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The Wurzels

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The Wurzels
Tommy Banner and Pete Budd performing at the 2011 Wychwood Festival
Tommy Banner and Pete Budd performing at the 2011 Wychwood Festival
Background information
GenresScrumpy and Western
Years active1966–present
MembersTommy Banner
Pete Budd
John Morgan
Sedge Moore

The Wurzels (originally Adge Cutler and the Wurzels but renamed after Cutler's death) are a British Scrumpy and Western band.

The Somerset-based band is best known for their 1976 number one hit Combine Harvester,[1] and number three hit I Am A Cider Drinker based on the song Una Paloma Blanca. They have lasted over 40 years, and still perform to this day.

Name[change | change source]

The name of the band was dreamt up by the band's founder Adge Cutler. It appears to be short for mangelwurzel, a type of beetroot grown to feed livestock.[2]

The Wurzels' particular genre of music was called Scrumpy and Western after the group's first EP of the same name, issued early in 1967. Scrumpy is slang for the potent cider made in southwest England,[3] popular amongst The Wurzels and their fans, and often referred to in their songs.

History[change | change source]

Adge Cutler and The Wurzels[change | change source]

The Wurzels were formed in 1966 as a backing group for singer/songwriter Adge Cutler.[4][5] With a thick Somerset accent, Adge played on his West Country roots, singing many folk songs with local themes such as cider making (and drinking), farming, dung-spreading, local villages and industrial work songs, often with a comic slant.

During the latter half of the 1960s, the band became immensely popular regionally, and the release of the single Drink Up Thy Zider in 1966 led to national fame and it reaching number 45 in the UK chart.[6] The B-side Twice Daily was banned by the BBC for being too raunchy.[7] A number of live albums were recorded at local pubs and clubs.[8]

Adge Cutler died after falling asleep at the wheel of his MG sports car which overturned on a roundabout approaching the Severn Bridge. He was returning alone from a Wurzels show in Hereford in May 1974. He is buried in Nailsea.[9]

The Wurzels[change | change source]

Adge's death marked a turning point in the history of the Wurzels. Deprived of the main song-writing talent, the remaining Wurzels recorded The Wurzels Are Scrumptious! in 1975, an album containing many favourites from the back catalogue, including a number of previously unrecorded Cutler-written songs. In order to continue the surviving band needed its own songs, and these mostly took the formula of re-written popular pop songs of the time with the lyrics changed to include the usual Wurzel themes (cider, farming, local villages, Cheddar cheese, etc.)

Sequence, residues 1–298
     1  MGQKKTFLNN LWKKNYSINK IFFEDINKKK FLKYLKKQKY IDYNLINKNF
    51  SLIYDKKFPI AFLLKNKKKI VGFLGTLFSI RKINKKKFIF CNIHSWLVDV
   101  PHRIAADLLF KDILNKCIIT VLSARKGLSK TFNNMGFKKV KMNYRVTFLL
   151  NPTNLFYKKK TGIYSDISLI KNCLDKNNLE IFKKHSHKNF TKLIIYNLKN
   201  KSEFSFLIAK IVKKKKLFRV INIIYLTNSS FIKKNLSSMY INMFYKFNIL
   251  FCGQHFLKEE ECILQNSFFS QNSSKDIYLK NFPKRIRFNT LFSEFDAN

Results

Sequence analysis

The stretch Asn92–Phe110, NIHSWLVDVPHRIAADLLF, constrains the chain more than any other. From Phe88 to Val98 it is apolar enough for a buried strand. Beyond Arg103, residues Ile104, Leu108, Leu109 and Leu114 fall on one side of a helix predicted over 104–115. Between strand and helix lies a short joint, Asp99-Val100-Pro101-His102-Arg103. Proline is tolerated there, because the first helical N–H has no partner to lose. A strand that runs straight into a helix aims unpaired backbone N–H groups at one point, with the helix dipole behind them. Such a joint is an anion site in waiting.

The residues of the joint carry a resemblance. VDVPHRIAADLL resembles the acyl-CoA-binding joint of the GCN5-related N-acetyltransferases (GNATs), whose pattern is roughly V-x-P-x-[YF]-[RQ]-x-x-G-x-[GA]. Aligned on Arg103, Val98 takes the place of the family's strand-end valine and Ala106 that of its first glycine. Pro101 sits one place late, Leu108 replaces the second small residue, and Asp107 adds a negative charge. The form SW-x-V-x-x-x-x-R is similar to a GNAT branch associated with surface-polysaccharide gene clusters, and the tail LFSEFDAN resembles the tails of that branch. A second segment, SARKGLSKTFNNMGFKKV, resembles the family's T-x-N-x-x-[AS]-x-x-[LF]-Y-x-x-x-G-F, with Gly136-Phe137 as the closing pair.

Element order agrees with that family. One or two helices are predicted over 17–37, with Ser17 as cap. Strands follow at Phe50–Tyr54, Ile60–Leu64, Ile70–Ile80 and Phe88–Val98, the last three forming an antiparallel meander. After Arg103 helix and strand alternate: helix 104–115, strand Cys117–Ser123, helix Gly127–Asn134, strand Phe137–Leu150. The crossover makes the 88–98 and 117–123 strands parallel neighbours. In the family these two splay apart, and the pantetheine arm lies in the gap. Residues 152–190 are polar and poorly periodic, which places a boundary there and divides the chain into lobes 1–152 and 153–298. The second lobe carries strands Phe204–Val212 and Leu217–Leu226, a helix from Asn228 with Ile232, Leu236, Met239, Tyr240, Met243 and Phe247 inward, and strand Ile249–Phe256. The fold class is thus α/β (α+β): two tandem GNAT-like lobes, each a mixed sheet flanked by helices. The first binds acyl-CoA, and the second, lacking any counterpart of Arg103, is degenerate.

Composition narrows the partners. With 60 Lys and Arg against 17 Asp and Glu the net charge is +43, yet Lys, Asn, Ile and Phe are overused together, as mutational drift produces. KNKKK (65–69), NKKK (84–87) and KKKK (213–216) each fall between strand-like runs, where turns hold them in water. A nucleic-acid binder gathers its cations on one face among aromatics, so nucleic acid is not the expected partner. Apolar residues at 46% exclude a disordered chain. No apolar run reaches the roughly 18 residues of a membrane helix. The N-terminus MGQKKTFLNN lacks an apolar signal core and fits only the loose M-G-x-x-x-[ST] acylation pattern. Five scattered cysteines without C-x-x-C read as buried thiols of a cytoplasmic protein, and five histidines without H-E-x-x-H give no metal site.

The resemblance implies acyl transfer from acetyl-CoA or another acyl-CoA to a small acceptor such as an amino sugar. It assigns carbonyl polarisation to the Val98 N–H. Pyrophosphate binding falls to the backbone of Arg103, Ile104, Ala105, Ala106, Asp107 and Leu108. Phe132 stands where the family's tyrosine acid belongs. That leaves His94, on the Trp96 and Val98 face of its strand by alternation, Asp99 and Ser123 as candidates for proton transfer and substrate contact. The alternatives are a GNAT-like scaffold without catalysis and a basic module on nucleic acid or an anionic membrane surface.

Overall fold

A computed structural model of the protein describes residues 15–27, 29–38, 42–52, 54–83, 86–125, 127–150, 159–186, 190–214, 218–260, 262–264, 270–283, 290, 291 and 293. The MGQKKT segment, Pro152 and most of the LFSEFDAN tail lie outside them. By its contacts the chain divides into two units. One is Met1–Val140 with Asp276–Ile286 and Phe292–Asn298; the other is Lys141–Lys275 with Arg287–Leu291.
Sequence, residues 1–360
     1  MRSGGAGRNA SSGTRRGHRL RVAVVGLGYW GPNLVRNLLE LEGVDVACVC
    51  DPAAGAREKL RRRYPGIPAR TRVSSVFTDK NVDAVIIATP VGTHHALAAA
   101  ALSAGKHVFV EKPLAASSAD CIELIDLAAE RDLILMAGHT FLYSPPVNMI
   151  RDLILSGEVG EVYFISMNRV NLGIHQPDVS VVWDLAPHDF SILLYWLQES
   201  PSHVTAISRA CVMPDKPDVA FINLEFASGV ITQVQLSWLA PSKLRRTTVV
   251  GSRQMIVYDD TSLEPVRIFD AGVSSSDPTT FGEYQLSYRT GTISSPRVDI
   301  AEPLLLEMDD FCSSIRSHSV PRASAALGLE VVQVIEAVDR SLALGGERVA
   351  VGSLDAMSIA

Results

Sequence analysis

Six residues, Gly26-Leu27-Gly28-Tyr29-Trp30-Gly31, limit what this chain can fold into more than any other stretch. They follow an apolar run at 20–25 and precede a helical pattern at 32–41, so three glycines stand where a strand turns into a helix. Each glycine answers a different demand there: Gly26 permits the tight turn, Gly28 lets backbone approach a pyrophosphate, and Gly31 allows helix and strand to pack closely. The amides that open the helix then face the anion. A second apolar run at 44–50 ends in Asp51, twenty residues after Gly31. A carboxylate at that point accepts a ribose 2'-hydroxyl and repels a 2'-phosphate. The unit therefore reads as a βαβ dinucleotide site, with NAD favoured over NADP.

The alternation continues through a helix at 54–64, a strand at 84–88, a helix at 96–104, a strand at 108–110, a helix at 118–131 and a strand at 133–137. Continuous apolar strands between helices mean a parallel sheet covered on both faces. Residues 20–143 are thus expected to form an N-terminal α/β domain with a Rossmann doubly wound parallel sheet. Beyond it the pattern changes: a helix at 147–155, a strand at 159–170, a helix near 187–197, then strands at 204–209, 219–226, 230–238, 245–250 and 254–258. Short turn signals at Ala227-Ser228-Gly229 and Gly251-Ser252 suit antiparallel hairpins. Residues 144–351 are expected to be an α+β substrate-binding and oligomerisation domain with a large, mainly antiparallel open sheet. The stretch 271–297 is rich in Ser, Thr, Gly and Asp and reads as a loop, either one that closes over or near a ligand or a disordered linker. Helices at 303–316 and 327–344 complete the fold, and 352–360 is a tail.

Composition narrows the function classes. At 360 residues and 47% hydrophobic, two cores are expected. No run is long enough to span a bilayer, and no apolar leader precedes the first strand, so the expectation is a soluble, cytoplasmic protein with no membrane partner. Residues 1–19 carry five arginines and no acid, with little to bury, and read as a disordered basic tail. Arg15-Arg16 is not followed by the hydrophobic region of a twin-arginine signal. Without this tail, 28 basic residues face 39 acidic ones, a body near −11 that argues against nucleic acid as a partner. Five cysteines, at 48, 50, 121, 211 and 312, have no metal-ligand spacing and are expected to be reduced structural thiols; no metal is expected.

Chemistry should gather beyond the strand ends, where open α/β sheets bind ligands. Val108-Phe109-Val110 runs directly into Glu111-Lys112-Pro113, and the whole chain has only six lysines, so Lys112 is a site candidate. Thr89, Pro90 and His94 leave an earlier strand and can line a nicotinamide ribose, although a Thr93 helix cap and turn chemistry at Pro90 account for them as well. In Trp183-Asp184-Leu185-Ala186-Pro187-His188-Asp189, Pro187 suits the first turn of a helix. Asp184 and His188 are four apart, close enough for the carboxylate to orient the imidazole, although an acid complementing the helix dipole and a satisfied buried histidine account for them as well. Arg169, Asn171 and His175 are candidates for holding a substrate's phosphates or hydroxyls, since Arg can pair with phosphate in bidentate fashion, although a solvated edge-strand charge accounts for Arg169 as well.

In 1976, the Wurzels released The Combine Harvester, a re-work of the song Brand New Key, by Melanie, which became a UK hit, topping the charts for 2 weeks.[1] The band quickly followed its success with I Am A Cider Drinker (a rework of the Una Paloma Blanca melody), which got to number three in the charts,[10] and Farmer Bill's Cowman (a reworking of the Whistling Jack Smith instrumental I Was Kaiser Bill's Batman).

The Wurzels at Guilfest 2012

The Wurzels have never stopped performing. The group signed to Cumbria record label Loose Records & Music, and recorded four new new songs including the single I Wanna Be An Eddie Stobart Driver (released as a limited edition lorry-shaped disc).[11]

The late 1990s saw the fortunes of the surviving Wurzels revive, gaining cult status among students and a resurgence in their native West Country. Under the new management of The Stranglers manager Sil Willcox a number of CD releases followed, largely featuring re-recordings of older works. Never Mind The Bullocks, Ere's The Wurzels had covers of British rock songs.[12] The album title and cover were a spoof on Never Mind the Bollocks, Here's the Sex Pistols.

Their latest album is A Load More Bullocks (2010) for the CIA label.

References[change | change source]

  1. 1.0 1.1 "1000 number ones: The Seventies". Music Week. 17 January 2005.
  2. "The Mangledwurzels". BBC. Retrieved 15 November 2011.
  3. Soanes, Catherine (2005). The Oxford Dictionary of English (revised edition). Oxford University Press. ISBN 0-19-861057-2.
  4. "The Wurzels". BBC. Retrieved 15 November 2011.
  5. "Adge Cutler & The Wurzels". Scrumpy & Western. Archived from the original on 17 August 2011. Retrieved 15 November 2011.
  6. "Drink Up Thy Zider". Chart Stats. Archived from the original on 23 July 2012. Retrieved 15 November 2011.
  7. ""Drink Up Thy Zider" - Adge Cutler & The Wurzels". The Wurzels. Retrieved 15 November 2011.
  8. "The Wurzels". iTunes. Retrieved 15 November 2011.
  9. "Fan pays tribute to Wurzel Adge". BBC. 2005. Archived from the original on 10 September 2012. Retrieved 28 March 2010.
  10. "He's the star man". Western Daily Press. This is Bristol. 27 December 2008. Retrieved 18 August 2009.
  11. "The Wurzels". Crucial Hosting. Archived from the original on 11 October 2009. Retrieved 28 March 2010.
  12. Tyzack, Anna (20 August 2008). "Ooh-arr goes all ooh-la la". The Telegraph. Archived from the original on 2 March 2009. Retrieved 28 March 2010.